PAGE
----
label .2 -text "Small enough?"
pack .1 .2 -side left  ;# RS

HolgerJ: Fine, but maybe this is too small. I find that buttons have quite a lot of space around the text. Can this be made smaller, thus looking less old-fashioned?

ulis: You can have a smaller button by adding -bd 1 -highlightthickness 0.

Colored Button  edit

If you want colored buttons have a look at Lightbutton.

-highlightbackground  edit

The -highlightbackground option is useful with buttons, but not explained much in the man page. Native buttons are not always rectangular, but the area occupied by a button widget is. The colour of the extra region is set using the -highlightbackground option. Thus the result of
% pack [frame .toolbar -background grey85]
% pack [button .toolbar.do -text "Do"] -padx 20 -pady 20

can be that there, in the grey .toolbar frame, is a white rectangle that surrounds the button. To get the appearance of a uniform grey background throughout, have in addition
% .toolbar.do configure -highlightbackground grey85

See also [1].

Misc  edit

EKB: To make sure the highlightbg & the toolbar background always match, you can also use
% .toolbar.do configure -highlightbackground [.toolbar cget -background]

toggle button

[plasma] 2009-10-29 06:38:44:

Q: How to insert a button in a frame at run time?

I have a button "Insert". When clicked on, a button with text "Inserted!" should appear on the same frame. Is this possible?

A: of course its possible. All buttons are inserted at a frame at run time.

The following isn't a perfect solution but it gives the general idea of how to do what I think you want to do:
frame .f
button .f.b -text "Insert" -command [list insertButton .f]
set count 0
proc insertButton {frame} {
    set button [button $frame.b[incr ::count] -text "Inserted!"]
    pack $button

Q: Thanks a lot. It does work. Can the button be made dragable? The -dragevent and -dragenabled options on the button didn't work.I also tried the following code:
DragSite::register $button -dragenabled 1

But that didn't work as well.

[zenith] 2009-11-07 14:39:40:

I have an application in which there is an "Insert" button.On clicking it,a new button will be inserted.On clicking the newly inserted button,I should get a message box displaying the text of the inserted button.How to get the text of the newly inserted button?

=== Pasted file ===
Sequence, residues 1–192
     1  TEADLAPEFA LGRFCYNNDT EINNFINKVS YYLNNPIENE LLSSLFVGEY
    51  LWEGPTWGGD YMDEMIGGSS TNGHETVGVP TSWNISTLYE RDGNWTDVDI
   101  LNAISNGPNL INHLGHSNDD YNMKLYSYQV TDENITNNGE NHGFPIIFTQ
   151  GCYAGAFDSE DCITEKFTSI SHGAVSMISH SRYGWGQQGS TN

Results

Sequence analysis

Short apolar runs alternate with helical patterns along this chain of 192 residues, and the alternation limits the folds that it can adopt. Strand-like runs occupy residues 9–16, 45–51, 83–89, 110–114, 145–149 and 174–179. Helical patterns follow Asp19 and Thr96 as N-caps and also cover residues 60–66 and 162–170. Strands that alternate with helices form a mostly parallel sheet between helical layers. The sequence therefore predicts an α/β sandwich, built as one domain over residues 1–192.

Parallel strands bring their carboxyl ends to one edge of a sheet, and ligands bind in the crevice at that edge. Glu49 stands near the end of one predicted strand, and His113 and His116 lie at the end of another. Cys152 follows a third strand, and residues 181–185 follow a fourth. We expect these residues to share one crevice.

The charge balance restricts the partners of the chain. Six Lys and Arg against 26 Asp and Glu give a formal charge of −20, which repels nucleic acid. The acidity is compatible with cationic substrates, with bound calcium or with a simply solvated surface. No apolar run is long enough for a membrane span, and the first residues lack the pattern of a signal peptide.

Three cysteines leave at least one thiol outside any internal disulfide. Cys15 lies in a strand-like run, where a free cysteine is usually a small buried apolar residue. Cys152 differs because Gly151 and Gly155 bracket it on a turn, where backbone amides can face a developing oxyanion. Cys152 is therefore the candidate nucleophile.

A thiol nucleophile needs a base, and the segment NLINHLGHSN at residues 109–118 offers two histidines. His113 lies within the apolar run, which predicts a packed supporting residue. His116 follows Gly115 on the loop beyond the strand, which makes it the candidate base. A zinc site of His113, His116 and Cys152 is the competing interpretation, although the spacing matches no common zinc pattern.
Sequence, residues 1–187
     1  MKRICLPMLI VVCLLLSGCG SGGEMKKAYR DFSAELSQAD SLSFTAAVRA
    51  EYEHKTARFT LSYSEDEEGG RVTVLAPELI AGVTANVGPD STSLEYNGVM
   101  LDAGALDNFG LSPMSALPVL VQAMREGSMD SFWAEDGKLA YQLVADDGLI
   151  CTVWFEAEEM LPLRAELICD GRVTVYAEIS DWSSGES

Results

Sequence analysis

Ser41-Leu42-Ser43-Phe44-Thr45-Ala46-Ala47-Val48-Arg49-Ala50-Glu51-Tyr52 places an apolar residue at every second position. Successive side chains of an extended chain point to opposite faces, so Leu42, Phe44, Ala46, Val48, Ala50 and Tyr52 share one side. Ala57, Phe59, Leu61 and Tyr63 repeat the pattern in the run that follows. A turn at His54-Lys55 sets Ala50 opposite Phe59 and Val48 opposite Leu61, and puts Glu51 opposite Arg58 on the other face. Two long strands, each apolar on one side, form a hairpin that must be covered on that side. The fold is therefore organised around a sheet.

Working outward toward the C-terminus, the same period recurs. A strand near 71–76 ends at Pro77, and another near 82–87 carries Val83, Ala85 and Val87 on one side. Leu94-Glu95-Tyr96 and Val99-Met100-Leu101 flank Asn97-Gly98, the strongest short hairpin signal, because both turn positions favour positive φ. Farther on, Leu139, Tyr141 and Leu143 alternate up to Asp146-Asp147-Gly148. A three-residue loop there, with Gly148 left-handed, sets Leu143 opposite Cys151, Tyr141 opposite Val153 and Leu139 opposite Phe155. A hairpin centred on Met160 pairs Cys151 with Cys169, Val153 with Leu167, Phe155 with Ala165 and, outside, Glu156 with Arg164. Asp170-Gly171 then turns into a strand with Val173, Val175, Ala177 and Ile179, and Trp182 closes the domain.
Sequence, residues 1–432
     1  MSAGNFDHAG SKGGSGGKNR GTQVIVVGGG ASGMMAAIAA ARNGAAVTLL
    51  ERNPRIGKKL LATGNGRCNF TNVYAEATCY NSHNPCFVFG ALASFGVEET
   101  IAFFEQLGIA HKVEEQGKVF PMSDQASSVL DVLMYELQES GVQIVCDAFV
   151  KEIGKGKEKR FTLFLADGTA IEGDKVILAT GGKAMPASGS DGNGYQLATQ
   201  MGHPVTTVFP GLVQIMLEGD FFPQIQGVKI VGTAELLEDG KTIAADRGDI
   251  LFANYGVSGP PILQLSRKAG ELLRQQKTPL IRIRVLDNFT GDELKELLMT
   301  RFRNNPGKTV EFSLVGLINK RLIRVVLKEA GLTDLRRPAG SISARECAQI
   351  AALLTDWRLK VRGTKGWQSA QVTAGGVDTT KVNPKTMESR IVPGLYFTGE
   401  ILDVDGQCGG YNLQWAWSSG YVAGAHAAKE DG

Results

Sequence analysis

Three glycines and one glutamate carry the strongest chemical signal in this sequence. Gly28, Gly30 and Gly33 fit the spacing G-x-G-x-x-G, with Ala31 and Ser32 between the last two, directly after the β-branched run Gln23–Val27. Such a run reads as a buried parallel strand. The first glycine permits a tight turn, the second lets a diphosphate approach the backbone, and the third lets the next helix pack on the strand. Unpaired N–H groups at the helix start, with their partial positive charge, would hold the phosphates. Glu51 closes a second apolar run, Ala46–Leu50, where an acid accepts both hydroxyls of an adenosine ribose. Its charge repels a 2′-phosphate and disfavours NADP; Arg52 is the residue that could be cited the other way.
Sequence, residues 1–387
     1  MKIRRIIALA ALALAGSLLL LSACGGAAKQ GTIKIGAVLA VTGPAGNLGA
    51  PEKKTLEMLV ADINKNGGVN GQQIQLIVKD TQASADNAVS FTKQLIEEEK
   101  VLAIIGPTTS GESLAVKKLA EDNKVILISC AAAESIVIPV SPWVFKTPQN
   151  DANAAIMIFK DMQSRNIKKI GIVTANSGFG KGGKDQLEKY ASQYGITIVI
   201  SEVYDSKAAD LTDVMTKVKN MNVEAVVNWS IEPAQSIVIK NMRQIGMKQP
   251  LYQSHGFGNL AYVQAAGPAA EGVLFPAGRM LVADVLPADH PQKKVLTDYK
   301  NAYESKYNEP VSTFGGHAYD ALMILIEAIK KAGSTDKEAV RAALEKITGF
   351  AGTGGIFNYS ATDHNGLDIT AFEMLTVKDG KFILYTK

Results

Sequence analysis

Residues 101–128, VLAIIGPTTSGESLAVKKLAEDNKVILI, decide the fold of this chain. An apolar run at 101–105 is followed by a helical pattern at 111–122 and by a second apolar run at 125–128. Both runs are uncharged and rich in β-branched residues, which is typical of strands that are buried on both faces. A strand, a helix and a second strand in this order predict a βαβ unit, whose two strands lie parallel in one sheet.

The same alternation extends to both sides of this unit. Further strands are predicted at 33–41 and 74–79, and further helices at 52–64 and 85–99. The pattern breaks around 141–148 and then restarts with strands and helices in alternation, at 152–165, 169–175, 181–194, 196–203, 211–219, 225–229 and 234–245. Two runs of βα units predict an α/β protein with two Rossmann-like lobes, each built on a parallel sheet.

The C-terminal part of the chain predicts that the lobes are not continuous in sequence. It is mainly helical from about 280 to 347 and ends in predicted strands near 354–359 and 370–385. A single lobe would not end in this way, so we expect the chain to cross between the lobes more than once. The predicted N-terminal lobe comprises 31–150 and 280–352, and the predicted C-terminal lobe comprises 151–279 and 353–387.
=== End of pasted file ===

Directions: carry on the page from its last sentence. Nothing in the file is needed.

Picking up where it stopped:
dkf 2009-11-09 06:27:35:

If you have the pathname of the button in a variable, btn, use this:
set text [$btn cget -text]

[zenith]: I did try that out, but the [$btn cget -text] returns only the text of the last inserted button. I did it using the bind option:
bind $btn <1> {
    set tex [%W cget -text]

[plasma] 2009-11-09 01:08:35: I have a button "save" in my application which is set to "disabled" state. When I click on another button "enable" the save button's state should become normal. I do this using $but configure -state normal command. However the save button's state should return to disabled state when I click any other widget in the application.How to do this? I tried binding "configure -state disabled" command to the Deactivate binding to the Enable button. But it didn't work.

dkf: 2009-11-09 06:20:03:

The <Deactivate> event is only used on OSX (and Windows?) to track how those OSes manage the notion of "current application". What you might be better off doing is using a <FocusOut> event, but you might instead need a binding to the 'all' bind tag which detects when someone clicks, works out that it is not in the button and disables the button once more. Which is a bit complex, but that's how it is. A (non-global) [grab] might be another approach, but that has other down-sides too.

But to be fair, I think this sounds like a strange non-intuitive way to interact with the GUI. I'd be more inclined to use a [checkbutton] (or [radiobutton]-group) to enable this one, since then the user can predictably turn the button on and off.

[plasma]: The FocusOut event bind didn't work either(forgot to mention it). I'll try your all-binding method,that definitely looks promising.And as you said,using a grab(though non-global) definitely has its downsides.

[rlf] 2010-01-13 17:53:27:

How do you make a button have multiple commands? I want a button to load a new window and kill the current one but as of right now I can only get it to do one and not the other.

Beware - Use a proc:
button .b -text "Test" -command "buttonPushed"

proc buttonPushed {} {
    # Load your new window
    # Kill the current window
    # Do other stuff